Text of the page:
“He laughed? I’m nothing. I’m the rear end of nothing, and the devil himself smiled at me.” (Andrew)
HYPHENATED MODIFIERS: When you connect two adjectives or adverbs together with a hyphen, it lends an air of
originality and sophistication to your writing.
She’s got this blond hair, with dark highlights, parted in the middle, down past her shoulders, and straight
as a preacher. She’s got big green eyes that all guys admire and all girls envy, and this I’m-so-beautifuland-I-know-it body, you know, like every other super model.” (Ilena)
FULL-CIRCLE ENDING: When you include an image or phrase at the beginning of a piece of writing and then mention
it again at the end, it gives your piece a sense of closure.
Beginning:
Ending:
“Hey you, with the green and neon-orange striped shoelaces, you who always pulled my old
frazzled white one in math. Hey you, who always added your versions of ‘art’ to my math problems
for Mrs. Caton’s class so that 9 x 7 = 64 turned out to be a train with Puffs of smoke and two boxcars and
made me get an 83 instead of a 93 since Mrs. C. doesn’t count locomotives as correct answers.”
“Now Justin still sits behind me in math with his neon-green and orange striped shoelaces and pulls
on my old white frazzled ones. He still draws zombies on my homework, but he hasn’t dumped
another pitcher of Kool-Aid on me - - not yet at least. Oh, and by the way, in case you’re wondering, his
first words when he opened his eyes were, ‘It was James Kenton who hid your clothes and made you
walk around in a chicken suit…I’m not that mean.” (Liz)
6 Varying Sentence Openers-Periodic Sentences
OPENER
Adjective
Adverb
Participial phrase
Infinitive phrase
Adverb clause
Several adverbs
Transition
Inverted
EXAMPLE
Amused, we allowed her to finish her wildly exaggerated tale.
Frantically, hundreds of ants scurries in all directions trying to
escape
Hearing strange noises, we crept downstairs to investigate.
To prepare for a short-answer test, Ellen makes flash cards
Because the train was traveling so quickly, it vanished in seconds.
Quickly and smoothly, the swimmers dove into the pool.
Nevertheless, you are still required to complete four years of
English.
Out of the sky came a mystery.
Exercise
Each item below begins with a sentence model from literature that has an interesting sentence opener.
Combine the sentences that follow into a single sentence that matches the structure of the literature model.
You may omit words or change their forms as you combine sentence parts.
Sample
Conscience-stricken, Leo rose and brewed the tea.
Bernard Malamud, "The Magic Barrel"
•
•
Beth was satisfied.
Beth pushed her chair back from the dinner table and excused herself.
Example: Satisfied, Beth pushed her chair back from the dinner table.
1. Fumbling with both hands, he once more stuck the knife into the sheath.
Isak Dinesen, "The Ring"
•
•
The members of the band sounded as good as ever.
They were playing together for the first time in years.
________________________________________________________________________________________
2. In his room, he plays his guitar.
John Updike, "Son"
•
•
Nate paints watercolors.
He paints them in his mother's studio.
________________________________________________________________________________________
3. Creaking, jerking, jostling, gasping, the train filled the station.
Nadine Gordimer, "The Train from Rhodesia"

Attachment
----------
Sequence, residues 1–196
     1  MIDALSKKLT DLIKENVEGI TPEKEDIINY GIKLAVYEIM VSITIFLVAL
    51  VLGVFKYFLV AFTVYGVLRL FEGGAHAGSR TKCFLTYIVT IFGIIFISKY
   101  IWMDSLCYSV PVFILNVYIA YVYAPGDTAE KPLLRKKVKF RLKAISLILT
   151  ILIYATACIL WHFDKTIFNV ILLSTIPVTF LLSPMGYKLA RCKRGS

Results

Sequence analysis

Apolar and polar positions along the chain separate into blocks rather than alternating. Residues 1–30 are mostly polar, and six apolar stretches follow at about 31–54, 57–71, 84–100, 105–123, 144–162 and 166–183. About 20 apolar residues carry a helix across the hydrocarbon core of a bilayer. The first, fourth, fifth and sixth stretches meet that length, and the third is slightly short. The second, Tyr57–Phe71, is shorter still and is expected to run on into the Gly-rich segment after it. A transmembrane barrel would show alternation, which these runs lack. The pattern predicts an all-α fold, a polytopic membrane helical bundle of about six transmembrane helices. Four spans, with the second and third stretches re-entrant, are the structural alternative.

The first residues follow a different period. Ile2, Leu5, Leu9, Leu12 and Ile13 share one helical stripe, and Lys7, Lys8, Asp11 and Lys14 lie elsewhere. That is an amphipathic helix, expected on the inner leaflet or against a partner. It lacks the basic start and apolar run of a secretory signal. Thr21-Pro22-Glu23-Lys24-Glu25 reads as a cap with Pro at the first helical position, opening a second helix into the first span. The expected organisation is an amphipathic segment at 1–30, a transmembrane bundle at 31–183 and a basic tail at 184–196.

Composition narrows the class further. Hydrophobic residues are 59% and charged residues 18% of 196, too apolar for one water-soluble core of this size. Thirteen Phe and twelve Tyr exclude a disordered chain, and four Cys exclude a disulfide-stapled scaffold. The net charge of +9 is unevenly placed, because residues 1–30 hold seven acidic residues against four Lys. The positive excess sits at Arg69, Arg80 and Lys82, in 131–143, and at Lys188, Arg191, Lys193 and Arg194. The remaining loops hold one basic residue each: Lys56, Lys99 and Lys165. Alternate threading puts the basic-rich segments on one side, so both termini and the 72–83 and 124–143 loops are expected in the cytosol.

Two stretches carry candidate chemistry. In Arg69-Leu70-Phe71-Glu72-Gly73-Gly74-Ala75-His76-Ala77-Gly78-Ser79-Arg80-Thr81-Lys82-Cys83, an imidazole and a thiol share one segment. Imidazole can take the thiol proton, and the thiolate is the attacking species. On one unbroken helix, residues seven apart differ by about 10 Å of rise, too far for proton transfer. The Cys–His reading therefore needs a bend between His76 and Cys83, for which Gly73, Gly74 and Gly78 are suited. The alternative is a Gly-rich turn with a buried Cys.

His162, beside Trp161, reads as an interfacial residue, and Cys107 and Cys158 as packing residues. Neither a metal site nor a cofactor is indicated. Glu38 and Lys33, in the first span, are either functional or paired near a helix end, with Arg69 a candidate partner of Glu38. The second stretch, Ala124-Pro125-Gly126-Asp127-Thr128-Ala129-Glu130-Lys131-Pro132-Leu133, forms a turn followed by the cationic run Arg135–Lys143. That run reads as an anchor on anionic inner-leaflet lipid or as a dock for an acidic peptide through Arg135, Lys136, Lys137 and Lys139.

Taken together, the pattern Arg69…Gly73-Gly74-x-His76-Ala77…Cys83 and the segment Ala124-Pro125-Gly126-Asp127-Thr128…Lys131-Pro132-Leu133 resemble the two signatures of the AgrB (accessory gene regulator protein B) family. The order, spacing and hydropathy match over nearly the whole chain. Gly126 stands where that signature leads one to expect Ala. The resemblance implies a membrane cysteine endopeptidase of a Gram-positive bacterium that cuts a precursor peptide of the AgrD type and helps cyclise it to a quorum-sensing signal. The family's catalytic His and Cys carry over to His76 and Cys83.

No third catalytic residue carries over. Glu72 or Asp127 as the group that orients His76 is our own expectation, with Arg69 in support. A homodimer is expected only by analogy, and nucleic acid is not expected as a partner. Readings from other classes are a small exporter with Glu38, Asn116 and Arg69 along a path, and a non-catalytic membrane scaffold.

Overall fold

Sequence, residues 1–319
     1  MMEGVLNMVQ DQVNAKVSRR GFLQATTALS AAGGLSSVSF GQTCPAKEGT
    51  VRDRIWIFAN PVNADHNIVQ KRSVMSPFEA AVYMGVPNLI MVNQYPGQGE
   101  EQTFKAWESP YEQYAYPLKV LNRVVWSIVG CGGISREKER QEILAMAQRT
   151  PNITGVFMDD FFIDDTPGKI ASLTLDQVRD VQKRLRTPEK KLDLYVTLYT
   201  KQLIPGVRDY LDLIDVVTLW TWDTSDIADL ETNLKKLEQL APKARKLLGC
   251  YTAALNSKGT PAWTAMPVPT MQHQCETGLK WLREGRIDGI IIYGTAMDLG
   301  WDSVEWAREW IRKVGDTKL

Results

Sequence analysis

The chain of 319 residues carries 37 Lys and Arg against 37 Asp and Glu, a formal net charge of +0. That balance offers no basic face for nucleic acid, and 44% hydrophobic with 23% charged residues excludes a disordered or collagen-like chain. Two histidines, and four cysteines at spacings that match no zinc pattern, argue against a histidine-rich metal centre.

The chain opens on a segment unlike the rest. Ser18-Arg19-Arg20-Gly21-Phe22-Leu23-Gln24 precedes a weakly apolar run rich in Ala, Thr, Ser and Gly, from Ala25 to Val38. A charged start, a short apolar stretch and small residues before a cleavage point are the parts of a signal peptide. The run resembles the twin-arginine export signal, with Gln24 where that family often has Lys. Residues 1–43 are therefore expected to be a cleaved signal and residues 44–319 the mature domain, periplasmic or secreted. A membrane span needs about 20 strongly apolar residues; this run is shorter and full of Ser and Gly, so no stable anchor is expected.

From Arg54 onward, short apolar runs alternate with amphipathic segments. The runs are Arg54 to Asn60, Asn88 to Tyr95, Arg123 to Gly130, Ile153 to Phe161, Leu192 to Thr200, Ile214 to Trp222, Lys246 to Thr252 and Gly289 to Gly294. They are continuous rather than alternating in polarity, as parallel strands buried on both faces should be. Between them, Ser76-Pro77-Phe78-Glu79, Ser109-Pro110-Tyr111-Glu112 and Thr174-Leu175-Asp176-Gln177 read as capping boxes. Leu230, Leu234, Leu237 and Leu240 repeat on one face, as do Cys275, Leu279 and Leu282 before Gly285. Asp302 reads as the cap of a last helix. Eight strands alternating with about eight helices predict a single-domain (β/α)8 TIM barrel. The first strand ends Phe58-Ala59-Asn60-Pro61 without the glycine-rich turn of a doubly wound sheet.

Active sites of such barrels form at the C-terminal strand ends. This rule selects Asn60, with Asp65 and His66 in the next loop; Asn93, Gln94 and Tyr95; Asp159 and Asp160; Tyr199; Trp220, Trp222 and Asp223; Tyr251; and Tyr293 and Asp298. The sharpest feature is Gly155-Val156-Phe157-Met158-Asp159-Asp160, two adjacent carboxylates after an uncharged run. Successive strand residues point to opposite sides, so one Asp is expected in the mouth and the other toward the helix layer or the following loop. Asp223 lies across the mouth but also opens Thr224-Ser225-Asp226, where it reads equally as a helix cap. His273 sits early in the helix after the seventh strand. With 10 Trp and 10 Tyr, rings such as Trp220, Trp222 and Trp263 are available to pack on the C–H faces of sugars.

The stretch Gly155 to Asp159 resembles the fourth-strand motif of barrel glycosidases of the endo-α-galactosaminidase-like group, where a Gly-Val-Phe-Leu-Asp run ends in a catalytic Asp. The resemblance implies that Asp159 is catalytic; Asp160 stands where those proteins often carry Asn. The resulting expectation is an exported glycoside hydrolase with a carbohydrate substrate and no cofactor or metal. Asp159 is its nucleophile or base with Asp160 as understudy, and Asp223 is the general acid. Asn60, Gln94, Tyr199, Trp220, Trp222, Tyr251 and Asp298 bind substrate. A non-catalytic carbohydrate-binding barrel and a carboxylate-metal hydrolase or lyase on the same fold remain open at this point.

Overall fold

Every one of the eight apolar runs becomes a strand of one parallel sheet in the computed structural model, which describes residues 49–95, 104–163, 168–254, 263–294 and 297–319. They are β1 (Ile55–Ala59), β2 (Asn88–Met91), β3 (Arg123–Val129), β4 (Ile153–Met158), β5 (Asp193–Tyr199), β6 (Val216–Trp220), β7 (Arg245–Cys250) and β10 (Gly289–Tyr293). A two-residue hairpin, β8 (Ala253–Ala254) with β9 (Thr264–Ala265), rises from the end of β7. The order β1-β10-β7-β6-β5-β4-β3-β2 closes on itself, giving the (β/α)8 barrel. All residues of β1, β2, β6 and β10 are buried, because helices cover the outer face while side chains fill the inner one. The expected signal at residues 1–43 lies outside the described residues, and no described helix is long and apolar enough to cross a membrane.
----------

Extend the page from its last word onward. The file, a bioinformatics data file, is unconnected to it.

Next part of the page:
•
•
The tractor pushed against the heavy log.
The tractor was grinding, growling, whistling, and hiccupping.
________________________________________________________________________________________
7 4. Eyes narrowing, he thought for a few moments about what to do.
Jack Finney, "Contents of the Dead Man's Pocket"
•
•
The yacht headed out to open sea.
Sails were billowing.
________________________________________________________________________________________
5. Gaunt, bruised, and shaken, he stumbled back to his village.
Lame Deer, "The Vision Quest"
•
•
The dog was well-fed, energetic, and happy.
The dog headed outside to play.
________________________________________________________________________________________
6. Frightened, everyone in the village fled into the canes.
Paule Marshall, "To Da-duh, in Memoriam"
•
•
The bull was angered.
The bull charged the matador.
________________________________________________________________________________________
7. The staircase window having been boarded up, no light came down into the hall.
Elizabeth Bowen, "The Demon Lover"
•
•
The bicycle tire had been punctured.
Jasmine had to walk the bicycle home.
________________________________________________________________________________________
8. Patient, cold, and callous, our hands wrapped in socks, we waited to snowball the cats.
Dylan Thomas, "A Child's Christmas in Wales"
•
•
•
The producer accepted the Oscar for best picture.
She was wide-eyed, joyful, and proud.
Her head was lifted high.
________________________________________________________________________________________
9. Slowly, taking my time, I began the final ascent.
Arthur C. Clarke, "The Sentinel"
•
•
•
Leo ran toward the goal line.
He ran swiftly.
He was holding the football firmly in his arms.
________________________________________________________________________________________
8 Wordiness results from many sources. Many of us have learned to pad our writing with
all sorts of empty phrases to reach length requirements for academic writing. Wordiness also tends
to occur when we're struggling to clarify our ideas or when we're tired and not thinking clearly.
Regardless of the reason for padded writing, we can achieve concise writing if we incorporate
several strategies during the writing process and if we're aware of the individual patterns of
wordiness typical of our own writing.